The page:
DIY Bell Sleeve Dress with Trash to Couture

by Fabric Wholesale Direct November 07, 2016

There is nothing more luxurious and dramatic then a velvet fabric. I love the vibrant colors, texture, and softness the textile offers. Velvet is associated with nobility and dates back to the 700’s.  A timeless fabric that’s been ruling fashion since the beginning of time and now a top trend this fall/winter 2016/17.  

FWD and I designed this DIY Bell Sleeve Shift Dress using 2.5 yards of their micro velvet in plum here. 

Link: https://www.fabricwholesaledirect.com/products/micro-velvet-fabric?variant=897644335

Begin by finding a shift dress that fits you well or a pattern. I like to keep basic silhouettes like this in my pattern trunk even if I’m over the print for projects like this. I’m not interested in difficult, descriptive patterns when all you have to do is simply trace the pattern from an existing dress and cut. 

A shift dress is basically a dress that doesn’t have darts, zippers, elastic, and fits loosely so you can pull on and off with ease. 

What I like about this type of silhouette is it’s simple to make and their are many way you can customized it through fabrics, sleeves, or an interesting neckline, etc. 

 

 

Step 1:

Trace your silhouette onto the fabric folded in half with wrong sides out. I traced about 1/2 inch away from the edge for seam allowance. I also wanted my neckline to be high so I just used the back for both front and back. 

 

 

Step 2 :

Cut both front and back out together. 

 

Step 3:

Sew the shoulder seams, and side seams right sides together with about 1/4 in. seam allowance. 

This is the best time to put the dress on and see if you’d like to edit anything...length, too big, too small etc. Remember if your fabric isn’t stretchy and since we aren’t adding a zipper you don’t want it too tight or you wont be able to put it on or take it off.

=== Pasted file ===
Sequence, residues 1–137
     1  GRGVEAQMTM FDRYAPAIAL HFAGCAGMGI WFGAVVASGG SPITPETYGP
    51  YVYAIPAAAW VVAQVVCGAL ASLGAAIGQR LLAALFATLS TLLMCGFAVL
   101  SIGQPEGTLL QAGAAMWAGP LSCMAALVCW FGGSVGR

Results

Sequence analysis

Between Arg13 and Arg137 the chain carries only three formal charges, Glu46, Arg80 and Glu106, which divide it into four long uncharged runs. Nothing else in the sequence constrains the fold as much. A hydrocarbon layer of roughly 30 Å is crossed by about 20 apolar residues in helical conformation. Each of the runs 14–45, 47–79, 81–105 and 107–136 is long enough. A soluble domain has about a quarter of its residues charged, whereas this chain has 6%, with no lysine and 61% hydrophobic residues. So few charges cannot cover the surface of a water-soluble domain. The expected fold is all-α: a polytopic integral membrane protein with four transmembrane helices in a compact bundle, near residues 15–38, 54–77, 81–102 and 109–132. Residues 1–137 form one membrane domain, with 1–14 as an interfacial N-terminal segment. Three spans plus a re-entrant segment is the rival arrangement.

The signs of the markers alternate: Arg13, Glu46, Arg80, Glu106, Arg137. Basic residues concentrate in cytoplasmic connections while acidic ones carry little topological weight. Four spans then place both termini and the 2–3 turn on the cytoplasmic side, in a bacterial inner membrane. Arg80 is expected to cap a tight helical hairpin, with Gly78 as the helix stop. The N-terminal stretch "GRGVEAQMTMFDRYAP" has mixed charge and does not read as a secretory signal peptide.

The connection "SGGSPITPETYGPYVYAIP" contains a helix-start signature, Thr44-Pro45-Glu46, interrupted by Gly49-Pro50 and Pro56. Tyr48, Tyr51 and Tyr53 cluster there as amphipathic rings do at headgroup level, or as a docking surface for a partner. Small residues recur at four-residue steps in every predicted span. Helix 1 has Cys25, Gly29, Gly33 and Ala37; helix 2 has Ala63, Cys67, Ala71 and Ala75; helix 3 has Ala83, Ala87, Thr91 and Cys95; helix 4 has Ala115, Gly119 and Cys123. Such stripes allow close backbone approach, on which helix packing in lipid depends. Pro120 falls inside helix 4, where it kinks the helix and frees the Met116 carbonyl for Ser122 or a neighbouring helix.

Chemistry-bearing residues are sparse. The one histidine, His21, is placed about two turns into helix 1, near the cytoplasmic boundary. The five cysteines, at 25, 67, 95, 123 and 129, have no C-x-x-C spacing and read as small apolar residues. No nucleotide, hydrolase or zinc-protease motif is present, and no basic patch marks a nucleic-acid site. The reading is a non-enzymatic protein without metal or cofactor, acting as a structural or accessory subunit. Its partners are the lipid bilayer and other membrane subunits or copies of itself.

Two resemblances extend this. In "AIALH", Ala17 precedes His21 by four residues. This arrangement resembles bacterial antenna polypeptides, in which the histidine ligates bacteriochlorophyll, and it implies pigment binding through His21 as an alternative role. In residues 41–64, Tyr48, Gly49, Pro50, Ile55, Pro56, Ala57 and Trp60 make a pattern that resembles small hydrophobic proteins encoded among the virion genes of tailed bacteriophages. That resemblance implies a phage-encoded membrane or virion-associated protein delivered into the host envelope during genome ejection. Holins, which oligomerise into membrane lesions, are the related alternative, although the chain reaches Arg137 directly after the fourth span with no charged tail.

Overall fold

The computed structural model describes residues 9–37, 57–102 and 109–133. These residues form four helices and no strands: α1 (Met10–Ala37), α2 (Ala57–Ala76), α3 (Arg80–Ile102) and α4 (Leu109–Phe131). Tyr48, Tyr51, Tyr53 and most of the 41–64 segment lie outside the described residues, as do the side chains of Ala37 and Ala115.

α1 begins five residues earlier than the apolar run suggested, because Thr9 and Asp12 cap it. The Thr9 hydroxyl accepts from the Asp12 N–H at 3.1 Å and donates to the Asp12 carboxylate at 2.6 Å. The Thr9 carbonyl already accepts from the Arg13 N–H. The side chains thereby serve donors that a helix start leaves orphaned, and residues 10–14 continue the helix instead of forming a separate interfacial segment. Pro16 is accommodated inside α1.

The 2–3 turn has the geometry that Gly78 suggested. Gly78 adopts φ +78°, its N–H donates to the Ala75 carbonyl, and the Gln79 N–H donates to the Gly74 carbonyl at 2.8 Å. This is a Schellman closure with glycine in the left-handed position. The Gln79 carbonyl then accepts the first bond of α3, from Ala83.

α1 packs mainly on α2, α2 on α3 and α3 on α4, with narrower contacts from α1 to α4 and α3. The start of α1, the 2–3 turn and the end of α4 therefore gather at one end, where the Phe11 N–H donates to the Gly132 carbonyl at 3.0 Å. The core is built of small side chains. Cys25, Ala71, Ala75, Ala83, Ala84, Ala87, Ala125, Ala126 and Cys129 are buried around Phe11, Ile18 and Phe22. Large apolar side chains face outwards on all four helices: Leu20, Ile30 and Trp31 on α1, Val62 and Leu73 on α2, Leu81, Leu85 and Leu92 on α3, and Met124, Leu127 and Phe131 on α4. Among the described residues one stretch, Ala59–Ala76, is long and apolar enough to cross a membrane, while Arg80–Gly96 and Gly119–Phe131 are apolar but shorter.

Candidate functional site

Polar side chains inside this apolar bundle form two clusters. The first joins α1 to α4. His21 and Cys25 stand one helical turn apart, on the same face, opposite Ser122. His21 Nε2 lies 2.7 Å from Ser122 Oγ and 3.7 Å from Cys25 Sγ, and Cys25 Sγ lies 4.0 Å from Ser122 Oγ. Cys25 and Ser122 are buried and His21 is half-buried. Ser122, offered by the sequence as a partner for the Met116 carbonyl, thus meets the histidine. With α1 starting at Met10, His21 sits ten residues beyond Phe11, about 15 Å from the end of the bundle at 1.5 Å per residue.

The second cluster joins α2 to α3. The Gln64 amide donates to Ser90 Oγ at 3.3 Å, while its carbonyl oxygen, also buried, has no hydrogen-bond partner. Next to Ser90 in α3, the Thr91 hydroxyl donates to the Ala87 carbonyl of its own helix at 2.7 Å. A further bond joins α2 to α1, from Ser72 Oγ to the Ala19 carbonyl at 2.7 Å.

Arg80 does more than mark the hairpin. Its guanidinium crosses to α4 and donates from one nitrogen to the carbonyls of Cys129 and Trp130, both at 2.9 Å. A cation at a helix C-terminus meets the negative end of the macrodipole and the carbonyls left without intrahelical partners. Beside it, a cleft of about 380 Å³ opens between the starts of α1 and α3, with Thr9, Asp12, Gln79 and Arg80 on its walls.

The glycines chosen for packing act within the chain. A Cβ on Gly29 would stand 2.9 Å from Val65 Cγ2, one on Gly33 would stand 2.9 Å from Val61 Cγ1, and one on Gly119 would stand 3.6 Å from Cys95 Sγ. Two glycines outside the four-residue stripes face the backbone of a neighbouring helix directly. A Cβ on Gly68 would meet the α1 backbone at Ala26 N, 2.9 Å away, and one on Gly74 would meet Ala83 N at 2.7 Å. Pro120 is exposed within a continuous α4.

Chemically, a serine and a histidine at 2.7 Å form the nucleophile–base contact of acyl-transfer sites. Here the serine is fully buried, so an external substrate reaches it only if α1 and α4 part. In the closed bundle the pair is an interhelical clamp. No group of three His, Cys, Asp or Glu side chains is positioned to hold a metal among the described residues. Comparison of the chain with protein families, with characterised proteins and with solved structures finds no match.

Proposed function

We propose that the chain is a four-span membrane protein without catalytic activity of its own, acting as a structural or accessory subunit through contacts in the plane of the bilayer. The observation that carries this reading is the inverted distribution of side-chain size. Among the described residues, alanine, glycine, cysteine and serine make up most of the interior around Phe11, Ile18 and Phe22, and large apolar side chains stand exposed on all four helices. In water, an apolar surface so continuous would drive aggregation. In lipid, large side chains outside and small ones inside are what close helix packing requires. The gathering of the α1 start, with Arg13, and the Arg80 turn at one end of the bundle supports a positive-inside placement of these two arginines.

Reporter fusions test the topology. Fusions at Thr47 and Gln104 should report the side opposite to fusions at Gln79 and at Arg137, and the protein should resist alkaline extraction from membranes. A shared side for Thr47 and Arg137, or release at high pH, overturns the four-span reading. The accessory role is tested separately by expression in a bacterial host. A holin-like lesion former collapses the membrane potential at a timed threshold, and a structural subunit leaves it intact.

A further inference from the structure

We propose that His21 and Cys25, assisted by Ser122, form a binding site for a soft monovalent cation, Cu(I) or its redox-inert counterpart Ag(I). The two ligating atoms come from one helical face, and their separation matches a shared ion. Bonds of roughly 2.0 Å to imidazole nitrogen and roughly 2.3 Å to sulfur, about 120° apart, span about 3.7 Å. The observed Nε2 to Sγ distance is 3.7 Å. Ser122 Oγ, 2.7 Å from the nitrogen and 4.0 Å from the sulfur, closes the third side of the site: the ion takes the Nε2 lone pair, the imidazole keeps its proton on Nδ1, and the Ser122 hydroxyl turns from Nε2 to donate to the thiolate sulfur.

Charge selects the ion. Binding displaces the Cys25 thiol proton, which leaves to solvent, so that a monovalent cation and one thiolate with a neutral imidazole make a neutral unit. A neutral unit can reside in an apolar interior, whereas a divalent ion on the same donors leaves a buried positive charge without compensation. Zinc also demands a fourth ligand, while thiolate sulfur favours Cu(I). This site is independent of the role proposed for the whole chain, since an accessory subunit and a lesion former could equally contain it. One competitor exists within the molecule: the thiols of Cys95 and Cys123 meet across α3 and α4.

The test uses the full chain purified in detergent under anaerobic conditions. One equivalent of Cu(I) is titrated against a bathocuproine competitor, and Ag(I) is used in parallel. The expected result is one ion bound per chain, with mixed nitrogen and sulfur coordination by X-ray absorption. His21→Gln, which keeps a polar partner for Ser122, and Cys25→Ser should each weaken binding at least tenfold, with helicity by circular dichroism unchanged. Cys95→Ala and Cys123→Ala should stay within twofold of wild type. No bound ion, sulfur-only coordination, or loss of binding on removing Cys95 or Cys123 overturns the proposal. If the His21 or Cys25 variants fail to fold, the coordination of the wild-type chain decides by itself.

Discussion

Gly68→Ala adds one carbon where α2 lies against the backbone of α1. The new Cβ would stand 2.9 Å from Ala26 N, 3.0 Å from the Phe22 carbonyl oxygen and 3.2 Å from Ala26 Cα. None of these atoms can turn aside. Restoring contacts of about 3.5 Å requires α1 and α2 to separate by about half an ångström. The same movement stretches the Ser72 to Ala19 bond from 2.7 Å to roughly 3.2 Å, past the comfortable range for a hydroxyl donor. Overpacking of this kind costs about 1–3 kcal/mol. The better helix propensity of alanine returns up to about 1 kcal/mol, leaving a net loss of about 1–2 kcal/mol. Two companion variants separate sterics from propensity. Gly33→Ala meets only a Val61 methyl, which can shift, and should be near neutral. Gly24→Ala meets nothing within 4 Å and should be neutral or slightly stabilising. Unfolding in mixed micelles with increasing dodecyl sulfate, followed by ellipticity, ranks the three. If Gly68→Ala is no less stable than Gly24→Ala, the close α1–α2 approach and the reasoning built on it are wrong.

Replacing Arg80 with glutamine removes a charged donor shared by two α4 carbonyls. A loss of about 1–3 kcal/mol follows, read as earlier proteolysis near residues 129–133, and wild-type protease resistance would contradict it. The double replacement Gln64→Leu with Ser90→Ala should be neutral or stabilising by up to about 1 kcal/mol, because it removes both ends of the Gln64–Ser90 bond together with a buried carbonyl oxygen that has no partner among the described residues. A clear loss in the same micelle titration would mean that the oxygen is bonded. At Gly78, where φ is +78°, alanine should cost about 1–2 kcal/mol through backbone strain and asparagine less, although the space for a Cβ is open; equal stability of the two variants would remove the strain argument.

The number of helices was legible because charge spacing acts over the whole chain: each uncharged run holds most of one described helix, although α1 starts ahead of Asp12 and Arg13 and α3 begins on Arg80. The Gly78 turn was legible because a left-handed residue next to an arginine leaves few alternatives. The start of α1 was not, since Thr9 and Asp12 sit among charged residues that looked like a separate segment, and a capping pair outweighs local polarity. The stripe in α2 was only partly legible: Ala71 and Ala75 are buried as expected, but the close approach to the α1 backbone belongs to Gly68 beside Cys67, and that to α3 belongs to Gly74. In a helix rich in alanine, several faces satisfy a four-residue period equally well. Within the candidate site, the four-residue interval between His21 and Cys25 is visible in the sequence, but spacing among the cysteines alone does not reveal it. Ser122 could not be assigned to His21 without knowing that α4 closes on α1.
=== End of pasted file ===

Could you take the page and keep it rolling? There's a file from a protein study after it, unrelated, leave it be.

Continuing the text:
Step 4:

Repeat the same step for the sleeve. I made mine 3/4 in length because i will be added a Bell Sleeve Cuff. 

Trace the sleeve and cut, then use the first sleeve as the pattern for the second. 

 

 

Step 5:

For the bell cuff I cut 2 strips measuring 8 in. width and twice the measurement of the end of your arm sleeve. 

 

 

Step 6:

Pleat the bell cuff by folding pleats and pinning them into place. You will pleat enough to make it measure the end of you arm sleeve. Once you get it to fit the arm sleeve width top stitch the pleats into place. 

 

 

Step 6: 

Sew right sides together the bell cuffs and bottom of arm sleeves.

 

Step 7:

Attach the sleeves to the dress by pinning them right sides together. I like to fold my sleeve in half and pin that point to the shoulder seam. I start sewing at the shoulder seam and go down one side then start again at the shoulder seam and sew the other side. 

 

 

Step 8:

Sew the sleeve seams. 

 

 

Step 9:

Hem the edges and collar. 

 

 

Step 10:

I like to add a sash made from the same fabric or ribbon at the side seams near the waistline. This is a simple way to add a cute bow detail but also create a waistline to the shift dress. 

   

  

 

Laura is the seamstress and designer of Trash to Couture. For more tutorials on sewing and repurposed fashion check it out.  





Fabric Wholesale Direct
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